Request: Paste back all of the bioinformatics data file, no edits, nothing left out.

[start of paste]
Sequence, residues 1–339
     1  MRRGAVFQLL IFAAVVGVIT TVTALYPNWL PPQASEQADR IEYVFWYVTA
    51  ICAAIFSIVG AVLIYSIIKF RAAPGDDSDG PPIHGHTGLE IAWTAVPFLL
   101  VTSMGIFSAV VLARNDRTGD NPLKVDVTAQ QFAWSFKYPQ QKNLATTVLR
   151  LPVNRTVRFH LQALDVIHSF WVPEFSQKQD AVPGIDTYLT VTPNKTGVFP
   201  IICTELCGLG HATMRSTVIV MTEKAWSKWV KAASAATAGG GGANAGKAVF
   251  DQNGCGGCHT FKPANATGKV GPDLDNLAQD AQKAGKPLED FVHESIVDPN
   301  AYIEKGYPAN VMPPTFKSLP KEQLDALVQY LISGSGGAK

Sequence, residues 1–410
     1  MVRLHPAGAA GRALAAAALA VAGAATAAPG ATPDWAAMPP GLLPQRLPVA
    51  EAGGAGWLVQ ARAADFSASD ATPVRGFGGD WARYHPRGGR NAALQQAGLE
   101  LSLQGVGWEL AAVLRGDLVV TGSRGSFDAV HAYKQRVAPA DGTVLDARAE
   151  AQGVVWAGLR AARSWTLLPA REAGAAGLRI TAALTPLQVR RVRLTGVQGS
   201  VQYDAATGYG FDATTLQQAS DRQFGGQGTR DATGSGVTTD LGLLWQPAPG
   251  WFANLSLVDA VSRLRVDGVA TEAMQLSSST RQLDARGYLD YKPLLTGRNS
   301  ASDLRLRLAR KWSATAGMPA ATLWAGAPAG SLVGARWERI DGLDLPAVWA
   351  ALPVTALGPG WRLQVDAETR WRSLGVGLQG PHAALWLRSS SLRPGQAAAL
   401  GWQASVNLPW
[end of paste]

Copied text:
Sequence, residues 1–339
     1  MRRGAVFQLL IFAAVVGVIT TVTALYPNWL PPQASEQADR IEYVFWYVTA
    51  ICAAIFSIVG AVLIYSIIKF RAAPGDDSDG PPIHGHTGLE IAWTAVPFLL
   101  VTSMGIFSAV VLARNDRTGD NPLKVDVTAQ QFAWSFKYPQ QKNLATTVLR
   151  LPVNRTVRFH LQALDVIHSF WVPEFSQKQD AVPGIDTYLT VTPNKTGVFP
   201  IICTELCGLG HATMRSTVIV MTEKAWSKWV KAASAATAGG GGANAGKAVF
   251  DQNGCGGCHT FKPANATGKV GPDLDNLAQD AQKAGKPLED FVHESIVDPN
   301  AYIEKGYPAN VMPPTFKSLP KEQLDALVQY LISGSGGAK

Sequence, residues 1–410
     1  MVRLHPAGAA GRALAAAALA VAGAATAAPG ATPDWAAMPP GLLPQRLPVA
    51  EAGGAGWLVQ ARAADFSASD ATPVRGFGGD WARYHPRGGR NAALQQAGLE
   101  LSLQGVGWEL AAVLRGDLVV TGSRGSFDAV HAYKQRVAPA DGTVLDARAE
   151  AQGVVWAGLR AARSWTLLPA REAGAAGLRI TAALTPLQVR RVRLTGVQGS
   201  VQYDAATGYG FDATTLQQAS DRQFGGQGTR DATGSGVTTD LGLLWQPAPG
   251  WFANLSLVDA VSRLRVDGVA TEAMQLSSST RQLDARGYLD YKPLLTGRNS
   301  ASDLRLRLAR KWSATAGMPA ATLWAGAPAG SLVGARWERI DGLDLPAVWA
   351  ALPVTALGPG WRLQVDAETR WRSLGVGLQG PHAALWLRSS SLRPGQAAAL
   401  GWQASVNLPW